Juno was the Roman goddess who protected the nation as a whole but also kept special watch over all aspects of women's lives. She is often thought of as the Roman version of the Greek goddess of love and marriage, Hera. Juno was the wife and sister of Jupiter, the chief Roman god, and the two of them were worshipped along with the goddess Minerva on the Quirinal in Rome.
After a long series of wars with Macedonia, the Roman army conquered the Greek peninsula, and as a consequence, Hellenic culture -- art, literature, and philosophy -- infiltrated much of Roman life. This infiltration included Roman religion. While their names did not change, the Roman gods began to become more closely associated with their Greek counterparts: Venus became more like Aphrodite, Pluto became Hades, Neptune became Poseidon, and lastly, Jupiter became Zeus. The myths and legends of Roman mythology gradually grew distorted, and many Roman gods began to lose their identity and their individuality. However, one soon forgets that the Roman gods existed long before the arrival of the Greeks, before they lost their uniqueness. And this loss can best seen with Jupiter’s wife and sister, Juno, who is not to be confused with her Greek counterpart Hera. In every aspect, Juno was a goddess in her own right.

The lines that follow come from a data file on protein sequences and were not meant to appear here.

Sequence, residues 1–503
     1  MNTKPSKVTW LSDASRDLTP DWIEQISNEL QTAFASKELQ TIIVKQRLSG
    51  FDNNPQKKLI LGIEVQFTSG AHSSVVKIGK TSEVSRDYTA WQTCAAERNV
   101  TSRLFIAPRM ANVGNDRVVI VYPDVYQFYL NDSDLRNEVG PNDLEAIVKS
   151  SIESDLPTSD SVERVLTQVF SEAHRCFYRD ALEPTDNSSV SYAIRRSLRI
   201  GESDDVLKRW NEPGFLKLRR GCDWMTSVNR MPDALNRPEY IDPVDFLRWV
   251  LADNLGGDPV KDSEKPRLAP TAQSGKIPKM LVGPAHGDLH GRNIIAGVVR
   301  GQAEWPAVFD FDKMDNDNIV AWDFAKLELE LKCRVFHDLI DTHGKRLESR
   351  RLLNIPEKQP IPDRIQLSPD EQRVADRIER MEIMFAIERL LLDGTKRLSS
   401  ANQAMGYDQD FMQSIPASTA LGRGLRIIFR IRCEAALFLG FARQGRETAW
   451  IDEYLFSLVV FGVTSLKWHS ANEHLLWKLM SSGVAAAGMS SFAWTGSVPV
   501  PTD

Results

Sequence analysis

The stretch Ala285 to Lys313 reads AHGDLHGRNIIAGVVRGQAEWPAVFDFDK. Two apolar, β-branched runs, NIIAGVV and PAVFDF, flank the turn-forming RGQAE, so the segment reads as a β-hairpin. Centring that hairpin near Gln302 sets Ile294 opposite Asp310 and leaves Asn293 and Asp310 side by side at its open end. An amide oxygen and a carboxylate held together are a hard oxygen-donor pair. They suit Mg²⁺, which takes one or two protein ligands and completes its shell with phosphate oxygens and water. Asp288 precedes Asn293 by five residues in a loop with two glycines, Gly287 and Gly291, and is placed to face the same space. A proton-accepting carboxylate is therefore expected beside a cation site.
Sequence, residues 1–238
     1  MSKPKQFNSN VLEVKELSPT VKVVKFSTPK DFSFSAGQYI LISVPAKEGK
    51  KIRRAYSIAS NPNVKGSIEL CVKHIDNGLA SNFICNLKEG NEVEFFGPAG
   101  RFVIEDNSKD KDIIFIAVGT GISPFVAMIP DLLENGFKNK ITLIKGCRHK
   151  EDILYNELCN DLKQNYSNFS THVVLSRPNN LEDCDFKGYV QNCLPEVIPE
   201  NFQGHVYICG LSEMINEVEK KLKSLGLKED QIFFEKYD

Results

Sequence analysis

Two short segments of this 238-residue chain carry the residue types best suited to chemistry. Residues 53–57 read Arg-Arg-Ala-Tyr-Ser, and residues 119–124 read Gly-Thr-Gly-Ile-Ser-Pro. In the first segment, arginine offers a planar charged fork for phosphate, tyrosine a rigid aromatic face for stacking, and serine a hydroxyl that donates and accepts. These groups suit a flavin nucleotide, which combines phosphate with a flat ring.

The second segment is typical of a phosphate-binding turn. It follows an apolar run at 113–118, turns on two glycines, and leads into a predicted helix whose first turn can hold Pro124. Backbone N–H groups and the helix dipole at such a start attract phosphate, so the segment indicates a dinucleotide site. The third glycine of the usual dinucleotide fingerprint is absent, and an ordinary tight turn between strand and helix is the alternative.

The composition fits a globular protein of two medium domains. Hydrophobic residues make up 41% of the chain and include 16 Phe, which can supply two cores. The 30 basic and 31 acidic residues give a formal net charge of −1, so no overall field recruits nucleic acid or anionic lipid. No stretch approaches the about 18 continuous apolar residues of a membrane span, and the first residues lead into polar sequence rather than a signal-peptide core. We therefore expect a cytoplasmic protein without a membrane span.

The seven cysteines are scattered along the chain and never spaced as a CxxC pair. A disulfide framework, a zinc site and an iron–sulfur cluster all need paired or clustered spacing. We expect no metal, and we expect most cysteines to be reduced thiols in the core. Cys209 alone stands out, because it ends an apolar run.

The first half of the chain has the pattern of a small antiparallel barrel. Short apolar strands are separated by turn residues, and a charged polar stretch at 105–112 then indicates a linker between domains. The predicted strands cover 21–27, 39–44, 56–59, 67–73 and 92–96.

Juno's Origins & Roles
Although her exact origin is unknown, Juno was one of the oldest of the Roman deities, that is, one of the three original gods -- Jupiter, Juno, and Minerva -- honored on the Quirinal (later on the Capitoline). A great temple was built by the Etruscan Lucius Tarquinus Pricus to pay homage to the three who were closely associated with the Etruscan trinity: Tini, Uni, and Menura. Some ancient authors claim Juno arrived in Rome in the fifth century BCE from the Etruscan town of Veii north of Rome as Juno Regina, a word meaning queen. She received a temple on the Aventine Hill and served as a civic deity, the protector of the state.
Among other identities, she was known to many as Juno Sospita, the chief deity of Lanuvium, a city located in Latium southeast of Rome. She was the protector of one in confinement, often pictured wearing a goatskin, carrying a spear and shield. She was Juno Lucina, a word meaning light, the goddess of childbirth. No offering could be made at her temple unless all knots were untied because the presence of a belt could hinder the delivery of the woman’s child. Lastly, she was Juno Moneta, the moon goddess, who was a personage unique to Rome.